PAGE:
Nine percent of adults in the U.S. have at least one symptom of depression and people in certain states are more likely to be depressed than others, according to the results of a nationwide survey conducted in 2006 and 2008 by the Center for Disease Control and Prevention.
Mississippi had the highest rate of depression symptoms — 14.8% reported two or more symptoms of depression. Other states that topped the list were West Virginia at 14.3%, Alabama at 13%, Oklahoma at 11.3%, Tennessee at 11%.
Oklahoma had the lowest depression symptoms in the country, at just 4.8%.
So, what factors could have contributed to these states having the highest depression symptoms? Many of the states also had above-average rates of obesity, heart disease and other chronic health conditions. In addition, relatively high poverty levels, loss of jobs due to the economic downturn, and lack of access to mental health care could have been contributing factors as well.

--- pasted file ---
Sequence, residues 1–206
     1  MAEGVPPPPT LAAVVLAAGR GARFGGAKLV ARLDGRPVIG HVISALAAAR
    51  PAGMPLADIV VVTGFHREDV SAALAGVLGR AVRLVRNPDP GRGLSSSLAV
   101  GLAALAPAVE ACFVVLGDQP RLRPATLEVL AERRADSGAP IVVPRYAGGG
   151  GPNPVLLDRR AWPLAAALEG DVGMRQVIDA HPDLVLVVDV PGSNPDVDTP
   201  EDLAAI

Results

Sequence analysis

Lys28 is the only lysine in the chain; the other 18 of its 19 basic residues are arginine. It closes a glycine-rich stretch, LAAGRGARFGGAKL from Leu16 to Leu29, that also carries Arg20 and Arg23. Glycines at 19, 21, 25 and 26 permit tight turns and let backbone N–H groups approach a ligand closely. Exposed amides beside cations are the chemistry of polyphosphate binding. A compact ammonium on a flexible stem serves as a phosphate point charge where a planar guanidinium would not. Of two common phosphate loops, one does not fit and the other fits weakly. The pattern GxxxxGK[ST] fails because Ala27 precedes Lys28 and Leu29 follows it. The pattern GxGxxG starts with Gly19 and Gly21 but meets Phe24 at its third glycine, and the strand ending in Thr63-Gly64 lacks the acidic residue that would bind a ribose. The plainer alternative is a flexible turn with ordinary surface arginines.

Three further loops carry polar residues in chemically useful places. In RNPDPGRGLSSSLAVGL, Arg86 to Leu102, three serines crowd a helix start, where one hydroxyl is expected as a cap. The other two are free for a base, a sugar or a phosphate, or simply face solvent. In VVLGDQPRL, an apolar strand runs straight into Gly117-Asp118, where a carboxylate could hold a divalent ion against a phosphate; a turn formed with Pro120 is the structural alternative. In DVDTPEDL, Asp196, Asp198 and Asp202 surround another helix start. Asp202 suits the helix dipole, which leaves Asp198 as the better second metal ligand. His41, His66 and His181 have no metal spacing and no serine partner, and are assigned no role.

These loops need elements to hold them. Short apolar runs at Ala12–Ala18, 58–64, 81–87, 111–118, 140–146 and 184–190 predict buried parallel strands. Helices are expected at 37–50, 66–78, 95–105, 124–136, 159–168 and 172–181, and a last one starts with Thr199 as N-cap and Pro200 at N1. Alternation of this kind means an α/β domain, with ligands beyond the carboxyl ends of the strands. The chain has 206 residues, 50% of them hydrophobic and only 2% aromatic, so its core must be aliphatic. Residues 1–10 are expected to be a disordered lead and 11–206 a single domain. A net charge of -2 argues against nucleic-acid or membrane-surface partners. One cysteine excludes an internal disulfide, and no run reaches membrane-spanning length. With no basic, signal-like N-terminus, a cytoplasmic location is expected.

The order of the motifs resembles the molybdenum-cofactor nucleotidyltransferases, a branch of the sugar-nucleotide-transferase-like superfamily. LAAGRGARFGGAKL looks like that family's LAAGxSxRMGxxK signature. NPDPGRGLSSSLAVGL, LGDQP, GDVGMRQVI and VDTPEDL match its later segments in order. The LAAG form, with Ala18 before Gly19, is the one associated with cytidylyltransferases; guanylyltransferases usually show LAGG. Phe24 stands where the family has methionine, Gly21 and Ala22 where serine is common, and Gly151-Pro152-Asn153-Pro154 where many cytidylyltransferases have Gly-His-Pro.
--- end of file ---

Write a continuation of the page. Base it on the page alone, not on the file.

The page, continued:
Only 3.4% of the survey respondents qualified as clinically depressed, which is defined by experiencing five or more depressive symptoms on most days of the week. Some symptoms of depression include feelings of hopelessness, taking little interest or pleasure in everyday activities or having trouble concentrating.
National Depression Screening Day is coming up on October 7. The CDC urges people who think they may be suffering from deppression to take an online self-assessment at mentalhealthscreening.org.